Art Inspiration: Dragon’s Head Reconstruction, Stage 3



Several years ago I was asked by the after school teachers to create a dragon head for a Christmas pageant. In the show we were celebrating different celebrations around the world around Christmas time. One of then was a dragon dance from China, which is why they needed a dragon’s head.

In the end it was a great creation and the students and teachers enjoyed it very much. Yet after the performance we did not need the head any more and I was about to through it out. But a teacher asked if she could have it for a lesson on Chinese New Year so I said sure she could have it. Every year after she brought it out for the class and the school to help celebrate Chinese New Year.
But the ravages of time are ever-present and the head began to come into disrepair and in the past year the jaw finally fell off. To be honest I made the head within a month and did not expect it to last a year let alone over 6 or 7. So when a teacher asked if I could fix up the head, I was more than happy to fix it.


Stage 3


I waited about a day to let the second coat of paint dry on the details. After I got an aerosol can of clear varnish to spray-paint the entire head. However I did this in stages as I was going to add something new to the head.
Adding Glitter with the Clear coat

Adding Glitter with the Clear coat

I wanted to give the illusion of scales and make the dragon’s head sparkle; therefore I sprayed the head in sections adding red sparkles or glitter to the freshly painted area. This was to allow the glitter to stick to the head but once I glittered the area I re-sprayed the area with the glitter so that it would stick better onto the head. I did this process over the entire head with the exception of the yellow horns, teeth and eyes. Once the glitter and spraying was done I gave the head a third and final spray with the clear varnish. Basically I used an entire spray can on the clear coat. I wanted it to be glossy but also the varnish would protect the head from hopefully losing any of its colour and fading.
I then had to let it dry for about a week. First off, so that the clear coat stuck properly, but mostly for the smell from the aerosol paint. It took that long for the smell in my garage to dissipate. I did not want to do the final touches in my studio with that smell in the house.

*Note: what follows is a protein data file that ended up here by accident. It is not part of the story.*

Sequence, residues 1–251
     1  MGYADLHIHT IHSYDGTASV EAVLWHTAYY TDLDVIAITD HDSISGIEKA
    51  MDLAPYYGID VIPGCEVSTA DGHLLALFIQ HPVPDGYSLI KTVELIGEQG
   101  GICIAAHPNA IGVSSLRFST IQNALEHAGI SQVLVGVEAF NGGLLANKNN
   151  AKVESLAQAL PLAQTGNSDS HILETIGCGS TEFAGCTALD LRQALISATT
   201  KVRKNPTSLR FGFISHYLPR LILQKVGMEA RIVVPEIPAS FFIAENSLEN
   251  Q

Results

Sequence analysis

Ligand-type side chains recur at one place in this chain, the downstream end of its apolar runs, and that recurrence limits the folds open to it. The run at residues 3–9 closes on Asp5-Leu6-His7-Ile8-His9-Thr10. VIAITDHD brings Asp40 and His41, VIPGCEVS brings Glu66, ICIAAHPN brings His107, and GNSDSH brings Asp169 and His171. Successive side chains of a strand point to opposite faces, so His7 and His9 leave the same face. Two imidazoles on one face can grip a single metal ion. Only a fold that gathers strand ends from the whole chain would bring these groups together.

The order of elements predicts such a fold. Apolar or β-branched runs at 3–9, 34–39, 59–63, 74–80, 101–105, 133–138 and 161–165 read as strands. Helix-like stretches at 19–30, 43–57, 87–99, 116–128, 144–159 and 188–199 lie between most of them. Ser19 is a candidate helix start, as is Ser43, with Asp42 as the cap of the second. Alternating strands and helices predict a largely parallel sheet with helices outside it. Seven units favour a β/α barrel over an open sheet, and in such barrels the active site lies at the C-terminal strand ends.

Attaching the cloth beard to the bottom

Attaching the cloth beard to the bottom

Once the smell was gone I then began attaching the cloth to the back of the head and a cloth beard to the bottom. The original cloth was the same but we attached a second cloth that was about 3 meters long for the body of the dragon. Then about every 75cm we attached a hula-hoop to the cloth so the students to hold onto for the dragon dance. There were about 6 students doing the dance, one for the head and the rest for the body. I then attached two smaller cloth pieces on the sides for the ears. I attached the cloth to the head using a hot glue gun. I started attaching the cloth from the centre and then moving outwards.
The final step I decided to give the dragon whiskers coming out from his nose. I intertwined two pipe cleaners using red, white and yellow. I then made four small holes in the nose area, two on either side to place the pipe cleaners in. I then added hot glue to attached the pipe cleaners.
Once done, I had to give it a name. My original idea was to model the dragon from the small dragon character from Disney’s Mulan named Mushu, therefore this dragon will be named Mushu. It seemed a fitting name.

Disney’s Mushu

I took the dragon’s head, Mushu, to the school and everyone loved it. I showed the kindergarten students, the teachers and they all had so many questions. Yet this was for a specific teacher and the grade 2’s in the school. Once they saw the dragon’s head, their eyes lite up. In the process of answering their questions I mentioned that this was for the grade 2’s, the smiles and reaction on their faces were golden. Seeing those smiles made all this work worthwhile.
In the Ontario curriculum they teach the students about celebrations around the world. For this coming Chinese New Year they will have a new dragon, Mushu, to help celebrate the arrival of the New Year. This coming year is the year of the monkey. It seems fitting they have a new dragon’s head to help celebrate the year of the monkey, given to them from a person born on the year of the monkey. Funny how life works out doesn’t it.
Me with Mushu

Me with Mushu

So from this monkey, I hope you enjoy the images of the third and final stage of the Dragon Head Reconstruction.



2 Responses to Art Inspiration: Dragon’s Head Reconstruction, Stage 3

  1. Pingback: Friday Two Cents: Building Many Happy Memories With A Dragon’s Head | Paul Gauchi

  2. Pingback: Friday Two Cents: It Is Within Me | Paul Gauchi

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